A key program that is part of Gov. Asa Hutchinson’s workforce initiative to retrain and retool Arkansas’ blue collar-focused labor pool for a more technology-oriented economy could be at risk under President Donald Trump’s proposed $1 trillion budget.
As the Trump administration’s 62-page “skinny” budget shows, spending for a highly popular federal program that provides training and education programs for the nation’s working class is likely to be slashed — even as the president’s jobs agenda promises to add and bring back millions of manufacturing jobs back to the U.S. In particular, President Trump’s budget would impose a 21% cut to the U.S. Department of Labor’s $9.6 billion annual budget, a $2.5 billion cut or 21% decline from 2017 levels.
Federal support for job training and employment service formula grants would see major declines, shifting more responsibility for funding these services to states, localities and employers.
The left-leaning Center for American Progress said those cuts would impact more than 20 million workers receive some assistance through a network of federally funded and locally operated American jobs authorized under the Workforce Innovation and Opportunity Act, or WIOA.
“These programs help the long-term unemployed find jobs, retrain displaced workers for new careers, upskill incumbent workers, engage disconnected youth in school or work, and provide adults with basic literacy services, including English as a Second Language,” CAP said in a recent report.
In Arkansas, the Trump cuts to the DOL would reduce worker training and employment services to 22,000 of the 62,875 Arkansas residents that now access the state’s WOIA program, which was signed into law nearly two years ago in the 2015 session as one of the three “foundational” pillars of Gov. Asa Hutchinson’s workforce training initiative.
In July 2014, President Obama signed the WOIA after it passed with virtually unanimous bipartisan support in Congress — making it the first update to the nation’s core workforce training programs in the 16 years since the passage of the Workforce Investment Act (WIA).
Under Act 907, which was sponsored by Sen. Jeremy Hutchinson, R-Little Rock, the federally mandated Arkansas Workforce Innovation and Opportunity Act distributes federal funds to workforce investment boards across the state. The new state law also mandated a restructuring of state workforce development boards so that at least 51% of their membership must represent businesses and 20% of the membership is made up of workforce representatives in the state.
Arkansas Department of Workforce Services (DWS) officials could not provide budget details for the WOIA program in fiscal 2017. However, the Legislature has approved a budget of $50 million for the workforce training program for the fiscal year ending June 30, 2018, according to the department’s appropriations request to the Joint Budget Committee.
Steve Guntharp, DWS’ deputy director of internal operations, also would not say how the DOL cuts would impact Arkansas programs.
“Until we receive formal notice from DOL on the proposed cuts, we do not have any comment,” he said.
Meanwhile, Arkansas Economic Development Commission executive director Mike Preston defended another state program that is on the chopping block if the Trump budget discontinues federal funding for the Manufacturing Extension Partnership (MEP) program, which provides nearly $124 million annually to consulting services for small- and medium-size manufacturers.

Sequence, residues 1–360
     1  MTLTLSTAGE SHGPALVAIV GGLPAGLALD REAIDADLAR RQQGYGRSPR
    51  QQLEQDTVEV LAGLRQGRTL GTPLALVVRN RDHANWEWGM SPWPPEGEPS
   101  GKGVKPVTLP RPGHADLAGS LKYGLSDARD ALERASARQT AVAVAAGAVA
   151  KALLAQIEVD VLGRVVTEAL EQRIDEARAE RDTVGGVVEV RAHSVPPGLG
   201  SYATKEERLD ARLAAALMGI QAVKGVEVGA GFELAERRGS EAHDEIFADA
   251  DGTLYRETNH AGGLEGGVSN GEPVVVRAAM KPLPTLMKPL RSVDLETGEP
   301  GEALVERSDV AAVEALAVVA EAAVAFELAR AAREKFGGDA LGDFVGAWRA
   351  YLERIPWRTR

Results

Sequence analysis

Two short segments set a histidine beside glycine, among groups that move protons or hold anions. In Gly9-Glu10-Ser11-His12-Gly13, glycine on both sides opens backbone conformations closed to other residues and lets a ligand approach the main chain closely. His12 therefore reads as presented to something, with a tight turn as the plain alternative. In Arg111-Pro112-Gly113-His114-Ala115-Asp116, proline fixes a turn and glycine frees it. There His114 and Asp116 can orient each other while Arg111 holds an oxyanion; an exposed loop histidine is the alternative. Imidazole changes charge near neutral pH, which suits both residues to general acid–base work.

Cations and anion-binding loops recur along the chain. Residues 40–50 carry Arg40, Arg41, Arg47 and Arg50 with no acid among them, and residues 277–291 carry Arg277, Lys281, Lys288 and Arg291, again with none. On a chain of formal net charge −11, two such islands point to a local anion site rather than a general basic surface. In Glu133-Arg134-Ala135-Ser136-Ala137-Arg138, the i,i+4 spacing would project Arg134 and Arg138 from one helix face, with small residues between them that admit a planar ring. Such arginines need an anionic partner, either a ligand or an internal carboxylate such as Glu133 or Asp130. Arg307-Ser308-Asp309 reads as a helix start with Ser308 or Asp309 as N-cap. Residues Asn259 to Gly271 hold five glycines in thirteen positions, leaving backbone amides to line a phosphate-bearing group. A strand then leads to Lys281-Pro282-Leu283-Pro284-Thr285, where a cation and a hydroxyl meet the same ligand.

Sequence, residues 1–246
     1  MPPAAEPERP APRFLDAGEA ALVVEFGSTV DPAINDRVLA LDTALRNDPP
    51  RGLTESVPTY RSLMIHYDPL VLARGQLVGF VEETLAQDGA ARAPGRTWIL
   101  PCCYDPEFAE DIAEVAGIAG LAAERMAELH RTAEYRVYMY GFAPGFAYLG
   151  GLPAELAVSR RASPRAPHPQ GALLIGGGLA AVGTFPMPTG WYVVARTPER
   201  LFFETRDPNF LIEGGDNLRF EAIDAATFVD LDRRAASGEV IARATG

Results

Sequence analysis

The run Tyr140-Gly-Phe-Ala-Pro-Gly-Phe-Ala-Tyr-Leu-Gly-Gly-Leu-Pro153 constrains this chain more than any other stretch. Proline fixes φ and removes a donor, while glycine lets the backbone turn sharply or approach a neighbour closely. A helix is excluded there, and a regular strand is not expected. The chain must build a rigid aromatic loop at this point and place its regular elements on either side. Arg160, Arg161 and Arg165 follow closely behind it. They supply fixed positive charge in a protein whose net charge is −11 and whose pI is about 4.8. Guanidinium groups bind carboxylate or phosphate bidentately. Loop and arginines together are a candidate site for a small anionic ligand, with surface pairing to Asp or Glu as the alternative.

In Arkansas, nearly $1 million of that funding comes to Arkansas Manufacturing Solutions, the Arkansas Economic Development Commission’s division that provides extension services to manufacturers across the state. By eliminating federal funding, MEP centers would transition solely to non-federal revenue sources, as was originally intended when the program was established, Trump officials said. But Preston said the MEP plays a significant role in AEDC’s efforts to maintain and grow the state’s manufacturing base.
“We are aware of President Trump’s proposed budget related to MEP funding. Over the coming months, it is imperative for Arkansas and others to highlight the economic impact of the MEP,” said the AEDC chief. “The innovation and support provided through the MEP allow Arkansas’ manufacturers to thrive in today’s economy.”
Besides the Labor Department, most of the other federal agencies will also see major declines in spending, except for the Departments of Defense and Homeland Security. In explaining his “America First” budget blueprint, Trump said he is rebuilding the nation’s military without adding to the federal deficit. In doing so, the $54 billion increase in defense spending in 2018 is offset by targeted reductions elsewhere.
“This defense funding is vital to rebuilding and preparing our Armed Forces for the future,” Trump said. “We are going to do more with less, and make the government lean and accountable to the people.”
Meanwhile, the conservative Cato Institute calls the across the board budget cuts at the Labor Department and other federal agencies “fair and necessary.” Chris Edward, director of the think tank’s “Downsizing the Federal Government” website, said nearly all of the cuts announced by the Trump administration have been recommended by the institute.
“I would rather that the government do less with a lot less, but I appreciate that Trump is proposing to fully offset his defense spending increases,” Edwards said.